Ladies Of Isshin‑ryu

Sensei Carol Burris started Ladies of Isshin‑ryu in 1994 with the first training session held at the Burris Martial Arts Center in Athens, Tennessee. Women from various dojos throughout Tennessee attended with different female instructors from Tennessee dojos leading segments throughout the day, much the same as the format now used during LOI sessions at the Isshin‑ryu Hall of Fame.

It quickly became clear that women felt empowered when they left the session. Once a year, just women teaching other women proved to be a necessity in a typically male-dominated activity. Kata execution, body positioning, self-defense, kumite drills, and balance enhancement drills were some of the topics covered. Many participants discovered the importance of body positioning and how body position could effectively enhance their ability if in a self-defense situation.

During the early events, women in most typical dojos were viewed as non-contributors to Isshin‑ryu. The Burris dojo was fortunate to have a well-rounded mix of men and women, and the women worked hard to overcome the physical barriers of being generally smaller and weaker. Some great fighting occurred during those years, and most of the time the men who were fighting the women had to be at their best during the match. The men developed an appreciation and respect for the women who stayed focused and trained hard. Kata performances throughout the South also improved because women were beginning to understand how to work effectively in the dojo.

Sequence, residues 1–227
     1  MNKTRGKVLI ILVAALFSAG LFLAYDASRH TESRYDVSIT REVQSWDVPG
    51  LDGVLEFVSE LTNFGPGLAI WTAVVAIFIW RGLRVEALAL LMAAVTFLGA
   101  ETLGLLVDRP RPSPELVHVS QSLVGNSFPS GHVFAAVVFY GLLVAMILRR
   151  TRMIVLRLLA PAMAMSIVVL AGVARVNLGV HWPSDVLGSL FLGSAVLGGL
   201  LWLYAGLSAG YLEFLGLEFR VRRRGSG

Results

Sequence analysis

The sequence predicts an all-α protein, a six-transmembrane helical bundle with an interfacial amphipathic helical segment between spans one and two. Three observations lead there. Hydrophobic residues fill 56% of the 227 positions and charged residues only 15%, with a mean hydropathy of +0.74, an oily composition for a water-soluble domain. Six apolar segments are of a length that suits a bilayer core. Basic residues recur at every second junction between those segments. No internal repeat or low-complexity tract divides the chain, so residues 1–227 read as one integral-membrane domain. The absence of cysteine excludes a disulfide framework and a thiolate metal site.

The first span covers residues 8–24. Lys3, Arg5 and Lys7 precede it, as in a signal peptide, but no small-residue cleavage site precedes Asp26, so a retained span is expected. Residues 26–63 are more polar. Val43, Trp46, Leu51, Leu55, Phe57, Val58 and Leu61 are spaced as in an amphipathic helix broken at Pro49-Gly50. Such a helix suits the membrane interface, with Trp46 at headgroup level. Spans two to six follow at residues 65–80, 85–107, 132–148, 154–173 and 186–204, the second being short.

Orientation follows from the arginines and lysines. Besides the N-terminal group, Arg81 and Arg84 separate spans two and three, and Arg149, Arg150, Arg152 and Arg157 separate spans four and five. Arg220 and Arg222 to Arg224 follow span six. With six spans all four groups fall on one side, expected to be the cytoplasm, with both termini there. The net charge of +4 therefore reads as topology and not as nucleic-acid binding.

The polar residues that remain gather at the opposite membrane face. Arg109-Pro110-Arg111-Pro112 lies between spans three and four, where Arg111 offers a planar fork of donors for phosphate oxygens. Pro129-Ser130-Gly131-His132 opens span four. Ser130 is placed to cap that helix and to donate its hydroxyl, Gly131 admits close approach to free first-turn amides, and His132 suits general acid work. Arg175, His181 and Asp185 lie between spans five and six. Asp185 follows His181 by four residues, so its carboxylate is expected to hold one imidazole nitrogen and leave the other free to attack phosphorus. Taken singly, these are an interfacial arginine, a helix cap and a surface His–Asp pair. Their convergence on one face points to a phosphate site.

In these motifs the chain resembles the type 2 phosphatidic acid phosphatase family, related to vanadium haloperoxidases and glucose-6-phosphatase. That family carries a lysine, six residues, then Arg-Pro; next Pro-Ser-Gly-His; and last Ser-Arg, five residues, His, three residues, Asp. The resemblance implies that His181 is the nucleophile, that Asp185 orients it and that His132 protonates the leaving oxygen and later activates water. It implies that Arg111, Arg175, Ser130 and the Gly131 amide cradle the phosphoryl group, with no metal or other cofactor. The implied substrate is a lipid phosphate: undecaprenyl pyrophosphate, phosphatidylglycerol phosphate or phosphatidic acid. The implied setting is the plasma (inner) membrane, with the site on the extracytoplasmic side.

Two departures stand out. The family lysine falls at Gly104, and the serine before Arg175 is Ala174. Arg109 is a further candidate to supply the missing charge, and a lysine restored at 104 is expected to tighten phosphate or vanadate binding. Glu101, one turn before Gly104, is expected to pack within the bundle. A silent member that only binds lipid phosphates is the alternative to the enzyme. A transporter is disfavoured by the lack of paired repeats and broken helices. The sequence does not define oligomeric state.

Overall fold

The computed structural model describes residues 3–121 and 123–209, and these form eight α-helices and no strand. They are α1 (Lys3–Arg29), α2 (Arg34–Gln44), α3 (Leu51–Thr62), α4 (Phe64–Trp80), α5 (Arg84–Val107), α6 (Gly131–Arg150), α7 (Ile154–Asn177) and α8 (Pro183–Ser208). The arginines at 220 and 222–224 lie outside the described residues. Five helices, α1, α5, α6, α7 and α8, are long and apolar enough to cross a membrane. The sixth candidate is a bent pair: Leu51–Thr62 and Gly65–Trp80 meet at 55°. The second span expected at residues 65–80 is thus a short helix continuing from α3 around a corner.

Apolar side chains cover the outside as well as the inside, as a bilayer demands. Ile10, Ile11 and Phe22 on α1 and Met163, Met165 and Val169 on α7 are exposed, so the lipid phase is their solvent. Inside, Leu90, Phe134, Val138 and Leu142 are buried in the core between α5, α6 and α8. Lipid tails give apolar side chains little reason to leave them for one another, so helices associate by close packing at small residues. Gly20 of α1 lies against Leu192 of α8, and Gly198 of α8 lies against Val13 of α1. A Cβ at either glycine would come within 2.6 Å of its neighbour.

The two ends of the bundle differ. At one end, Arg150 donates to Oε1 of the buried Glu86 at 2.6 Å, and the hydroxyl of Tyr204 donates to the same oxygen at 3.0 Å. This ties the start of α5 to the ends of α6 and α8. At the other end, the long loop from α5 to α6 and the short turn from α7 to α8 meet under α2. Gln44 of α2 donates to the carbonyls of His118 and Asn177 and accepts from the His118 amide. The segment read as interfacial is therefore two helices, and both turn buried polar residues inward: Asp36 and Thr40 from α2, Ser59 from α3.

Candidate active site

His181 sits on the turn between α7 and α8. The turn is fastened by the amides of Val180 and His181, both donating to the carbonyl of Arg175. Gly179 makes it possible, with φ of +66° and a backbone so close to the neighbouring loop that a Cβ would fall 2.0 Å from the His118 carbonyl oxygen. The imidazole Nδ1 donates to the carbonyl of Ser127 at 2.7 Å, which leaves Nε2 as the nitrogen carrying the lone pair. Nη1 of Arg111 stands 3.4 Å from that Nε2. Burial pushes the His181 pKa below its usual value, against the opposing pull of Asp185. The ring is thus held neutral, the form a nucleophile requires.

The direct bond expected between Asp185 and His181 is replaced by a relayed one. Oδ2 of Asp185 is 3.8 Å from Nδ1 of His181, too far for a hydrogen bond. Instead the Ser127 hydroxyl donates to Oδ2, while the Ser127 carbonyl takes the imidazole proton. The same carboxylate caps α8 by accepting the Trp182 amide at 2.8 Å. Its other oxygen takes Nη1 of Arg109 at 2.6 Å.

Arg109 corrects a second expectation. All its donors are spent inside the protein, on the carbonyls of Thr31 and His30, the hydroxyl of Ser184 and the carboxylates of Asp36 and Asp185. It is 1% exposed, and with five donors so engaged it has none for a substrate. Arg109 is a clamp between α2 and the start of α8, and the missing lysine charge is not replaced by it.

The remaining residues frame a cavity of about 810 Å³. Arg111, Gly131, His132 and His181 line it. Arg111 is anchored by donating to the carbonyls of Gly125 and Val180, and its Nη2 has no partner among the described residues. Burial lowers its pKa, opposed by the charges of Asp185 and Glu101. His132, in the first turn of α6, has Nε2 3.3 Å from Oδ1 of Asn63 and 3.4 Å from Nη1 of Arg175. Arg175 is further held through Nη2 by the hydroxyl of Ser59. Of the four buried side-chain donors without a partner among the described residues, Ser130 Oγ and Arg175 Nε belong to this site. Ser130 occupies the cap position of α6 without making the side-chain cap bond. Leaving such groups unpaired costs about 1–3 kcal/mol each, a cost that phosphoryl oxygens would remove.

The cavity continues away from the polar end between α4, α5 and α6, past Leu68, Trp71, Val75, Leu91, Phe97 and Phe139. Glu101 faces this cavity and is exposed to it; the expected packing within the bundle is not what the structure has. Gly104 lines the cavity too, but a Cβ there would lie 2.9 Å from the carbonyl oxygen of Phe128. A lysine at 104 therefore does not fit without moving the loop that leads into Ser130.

Around 2010, Sensei Burris asked the Isshin‑ryu Hall of Fame board to consider allocating one hour for all of the women who wanted the experience of training with other women from different parts of the country to work together. The sessions were well attended and now LOI seminars are an integral part of the Hall of Fame’s agenda – always on the Friday before the banquet. LOI seminars are geared toward all ages and all ranks. Masters learn from teaching just as students learn from Masters. No participant has ever been charged for attending. It remains today as it was in the 90’s, a venue to help other ladies understand they can become leaders in their dojos and in Isshin‑ryu.

The goal of the LOI, now, much like it was in the 90’s, is for women representing various dojos/states to be able to teach each other something to take back to their respective dojos, furthering the growth of Isshin‑ryu while demonstrating the importance of LOI to their dojos.

Anyone interested in learning more and/or participating in LOI events can contact Sensei Burris by phone at (423) 506-1734, by email at, or by simply attending the LOI session at the Isshin‑ryu Hall of Fame in Gatlinburg, TN.